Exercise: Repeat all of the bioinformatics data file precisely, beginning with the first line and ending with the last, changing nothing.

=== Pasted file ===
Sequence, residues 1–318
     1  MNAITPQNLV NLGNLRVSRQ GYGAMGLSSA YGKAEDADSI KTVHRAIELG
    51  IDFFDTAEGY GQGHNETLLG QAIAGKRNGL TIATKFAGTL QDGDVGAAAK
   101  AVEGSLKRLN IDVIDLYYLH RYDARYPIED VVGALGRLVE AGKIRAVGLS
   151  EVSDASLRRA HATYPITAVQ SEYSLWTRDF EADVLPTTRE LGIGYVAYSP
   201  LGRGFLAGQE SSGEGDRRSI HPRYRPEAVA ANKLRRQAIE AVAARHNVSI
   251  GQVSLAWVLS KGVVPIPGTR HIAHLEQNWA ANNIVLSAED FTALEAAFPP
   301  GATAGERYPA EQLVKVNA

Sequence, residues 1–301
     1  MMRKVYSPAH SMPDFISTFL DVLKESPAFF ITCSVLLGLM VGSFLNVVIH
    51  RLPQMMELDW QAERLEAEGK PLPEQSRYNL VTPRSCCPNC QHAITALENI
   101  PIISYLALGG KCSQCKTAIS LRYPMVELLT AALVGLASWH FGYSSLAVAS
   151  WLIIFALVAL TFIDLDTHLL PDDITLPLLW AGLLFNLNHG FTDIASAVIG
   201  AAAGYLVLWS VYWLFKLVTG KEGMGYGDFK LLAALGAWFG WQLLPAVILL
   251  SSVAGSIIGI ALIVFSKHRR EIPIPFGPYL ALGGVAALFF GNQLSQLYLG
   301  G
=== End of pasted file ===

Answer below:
Sequence, residues 1–318
     1  MNAITPQNLV NLGNLRVSRQ GYGAMGLSSA YGKAEDADSI KTVHRAIELG
    51  IDFFDTAEGY GQGHNETLLG QAIAGKRNGL TIATKFAGTL QDGDVGAAAK
   101  AVEGSLKRLN IDVIDLYYLH RYDARYPIED VVGALGRLVE AGKIRAVGLS
   151  EVSDASLRRA HATYPITAVQ SEYSLWTRDF EADVLPTTRE LGIGYVAYSP
   201  LGRGFLAGQE SSGEGDRRSI HPRYRPEAVA ANKLRRQAIE AVAARHNVSI
   251  GQVSLAWVLS KGVVPIPGTR HIAHLEQNWA ANNIVLSAED FTALEAAFPP
   301  GATAGERYPA EQLVKVNA

Sequence, residues 1–301
     1  MMRKVYSPAH SMPDFISTFL DVLKESPAFF ITCSVLLGLM VGSFLNVVIH
    51  RLPQMMELDW QAERLEAEGK PLPEQSRYNL VTPRSCCPNC QHAITALENI
   101  PIISYLALGG KCSQCKTAIS LRYPMVELLT AALVGLASWH FGYSSLAVAS
   151  WLIIFALVAL TFIDLDTHLL PDDITLPLLW AGLLFNLNHG FTDIASAVIG
   201  AAAGYLVLWS VYWLFKLVTG KEGMGYGDFK LLAALGAWFG WQLLPAVILL
   251  SSVAGSIIGI ALIVFSKHRR EIPIPFGPYL ALGGVAALFF GNQLSQLYLG
   301  G